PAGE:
One Thousand and One Nights is a narrative framework that comes to us from the Middle East. It tells of a woman named Shahrazad who was to be put to death by a ruthless and tyrannical Persian king. But the wise woman used her powerful gift of storytelling to save her life. Every night she would tell the king a story, but before retiring for the evening she would start a new one. The king, anxious to hear the rest of the story, would stay her execution. For 1001 consecutive nights she recited her stories to the king. By the last night, when she had no more stories to tell, the king had fallen in love with her, and spared her life. She had literally saved her life through storytelling. Seeds of Empowerment hopes to capture this same spirit by giving impoverished children throughout the world the ability to tell their stories, make money, and in so doing bring a better life to them and their families.
The project is called 1001 Stories and the concept is fairly simple—children from all around the world will tell a story. The story is recorded and the best story is chosen to be illustrated, narrated and turned into a digital book that can be downloaded and shared. Money donated toward the purchase of the story will then be given to the child. The goal is to have 1001 stories from all different parts of the world—stories that not only tell a global tale but empower children to be entrepreneurs. This process has already resulted in some very powerful and beautiful stories that you can download to your mobile device.
But the process for bringing these stories to life is not without its problems. One of the most difficult things is procuring quality stories. Children in these impoverished areas do not have a firm grasp of story mechanics, and many are shy and have trouble thinking of a story to tell. The process is also very time consuming—compiling a team that records stories, another team to read and select the best ones, and an artist to draw each story page is a lengthy process. Considering that the vision is to compile 1001 stories, you can see how this becomes a lofty goal indeed.
There are, I think, some ways to streamline the process, get quality stories, and increase the financial boon of the storytellers. One way to do this is to solicit a child’s imagination by having them add to an existing story. Drawing from local folklore and traditions, the volunteers can ask the children what the characters from well-known stories are doing now. Where are they and who are their friends? Are they happy or sad and what new adventures have they been on? Children will add their own vivid details and descriptions to these stories when there is already a base established in their minds. Using traditional folktales to engage their imagination and help them continue the story aligns with the spirit of One Thousand and One Nights, where the narrative text was layered and always continuous.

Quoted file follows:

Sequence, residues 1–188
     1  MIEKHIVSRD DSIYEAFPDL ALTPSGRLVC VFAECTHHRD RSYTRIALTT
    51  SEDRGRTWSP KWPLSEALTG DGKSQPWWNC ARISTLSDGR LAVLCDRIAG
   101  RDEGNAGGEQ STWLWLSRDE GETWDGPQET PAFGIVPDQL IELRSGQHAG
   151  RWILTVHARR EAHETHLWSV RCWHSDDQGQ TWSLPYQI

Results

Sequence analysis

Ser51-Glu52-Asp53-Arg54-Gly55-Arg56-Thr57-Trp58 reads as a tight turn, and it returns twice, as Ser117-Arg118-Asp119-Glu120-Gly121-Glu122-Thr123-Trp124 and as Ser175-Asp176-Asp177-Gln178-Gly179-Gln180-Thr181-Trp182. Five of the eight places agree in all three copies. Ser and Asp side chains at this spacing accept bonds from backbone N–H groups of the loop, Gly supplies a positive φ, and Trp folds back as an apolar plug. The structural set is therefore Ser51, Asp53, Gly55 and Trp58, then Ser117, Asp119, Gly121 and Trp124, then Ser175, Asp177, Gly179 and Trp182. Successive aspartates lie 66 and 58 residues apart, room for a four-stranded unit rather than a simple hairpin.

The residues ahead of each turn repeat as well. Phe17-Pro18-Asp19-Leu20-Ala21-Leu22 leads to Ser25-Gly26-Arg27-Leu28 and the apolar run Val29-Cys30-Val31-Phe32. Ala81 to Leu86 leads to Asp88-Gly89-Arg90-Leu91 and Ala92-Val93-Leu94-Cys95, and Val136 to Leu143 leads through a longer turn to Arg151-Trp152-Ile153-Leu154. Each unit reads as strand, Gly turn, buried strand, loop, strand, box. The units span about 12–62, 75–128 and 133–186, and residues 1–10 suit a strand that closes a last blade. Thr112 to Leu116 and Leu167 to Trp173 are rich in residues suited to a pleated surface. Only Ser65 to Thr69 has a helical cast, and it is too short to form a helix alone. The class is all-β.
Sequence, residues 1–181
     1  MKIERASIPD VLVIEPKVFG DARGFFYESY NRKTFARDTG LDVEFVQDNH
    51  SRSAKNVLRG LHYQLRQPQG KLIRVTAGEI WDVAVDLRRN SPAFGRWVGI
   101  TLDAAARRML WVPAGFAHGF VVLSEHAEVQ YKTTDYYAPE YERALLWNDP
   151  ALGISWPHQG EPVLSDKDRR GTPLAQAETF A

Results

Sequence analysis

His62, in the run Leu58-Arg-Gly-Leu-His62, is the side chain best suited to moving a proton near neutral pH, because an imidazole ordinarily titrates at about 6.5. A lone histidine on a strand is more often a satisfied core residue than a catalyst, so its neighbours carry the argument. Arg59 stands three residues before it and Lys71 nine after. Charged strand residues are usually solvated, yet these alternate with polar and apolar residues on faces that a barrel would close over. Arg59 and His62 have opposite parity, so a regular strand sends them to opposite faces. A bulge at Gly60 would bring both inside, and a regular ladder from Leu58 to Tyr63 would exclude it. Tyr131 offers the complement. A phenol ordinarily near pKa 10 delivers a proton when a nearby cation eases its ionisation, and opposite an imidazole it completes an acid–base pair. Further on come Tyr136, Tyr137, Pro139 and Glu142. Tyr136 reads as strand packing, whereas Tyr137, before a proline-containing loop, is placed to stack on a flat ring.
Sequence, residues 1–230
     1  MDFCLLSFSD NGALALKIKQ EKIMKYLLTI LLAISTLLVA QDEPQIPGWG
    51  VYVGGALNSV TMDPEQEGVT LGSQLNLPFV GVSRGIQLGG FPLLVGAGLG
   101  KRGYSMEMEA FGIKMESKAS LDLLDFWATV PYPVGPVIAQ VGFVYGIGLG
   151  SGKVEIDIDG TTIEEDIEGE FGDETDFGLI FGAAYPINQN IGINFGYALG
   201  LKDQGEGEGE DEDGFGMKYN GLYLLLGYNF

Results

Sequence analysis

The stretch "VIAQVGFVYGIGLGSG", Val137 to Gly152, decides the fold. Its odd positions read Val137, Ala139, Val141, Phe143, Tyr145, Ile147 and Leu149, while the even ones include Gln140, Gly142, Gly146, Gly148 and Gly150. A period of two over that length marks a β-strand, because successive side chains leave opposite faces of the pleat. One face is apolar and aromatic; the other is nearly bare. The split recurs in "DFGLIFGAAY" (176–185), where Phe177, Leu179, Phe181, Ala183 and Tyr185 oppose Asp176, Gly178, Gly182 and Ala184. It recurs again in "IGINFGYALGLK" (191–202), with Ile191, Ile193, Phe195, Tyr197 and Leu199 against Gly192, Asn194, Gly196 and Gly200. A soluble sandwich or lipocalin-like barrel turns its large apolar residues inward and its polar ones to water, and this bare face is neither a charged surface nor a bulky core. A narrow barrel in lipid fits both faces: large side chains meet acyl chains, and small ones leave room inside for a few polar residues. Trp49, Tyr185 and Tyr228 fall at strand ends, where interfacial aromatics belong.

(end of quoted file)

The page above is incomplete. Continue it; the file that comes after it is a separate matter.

I also feel that improvements can be made with the recording medium. I think that taking video of the children telling their stories would help in several ways. First, if the stories are grounded in traditional tales, they are rooted in an oral experience. Stories are told after all, and capturing them on video would be a natural means of conveyance. Second, these videos can be uploaded to a YouTube channel where the vetting process becomes crowd sourced. Users can watch the videos, complete with captions if need be, and vote on their favorite stories. The videos with the top views can then be selected to participate in a competition for a grand prize.
Illustrating the stories can also become part of the contest. The videos with the most views can solicit a response from artists (ideally children with artistic promise) who can submit their own drawings for consideration. The grand prize storyteller for that region would then receive a substantial monetary reward that they could share with their family and perhaps their school.
I see the future of this project as being adopted by the elementary school curriculum in the United States as a way to connect students to their global peers. To learn about different cultures, traditions and stories is part of a holistic education. Children will download these stories to their mobile phones, share them, discuss them, and maybe even tell a few of their own. And for the storytellers, much like Shahrazad, they will find life-saving gifts in the stories they tell.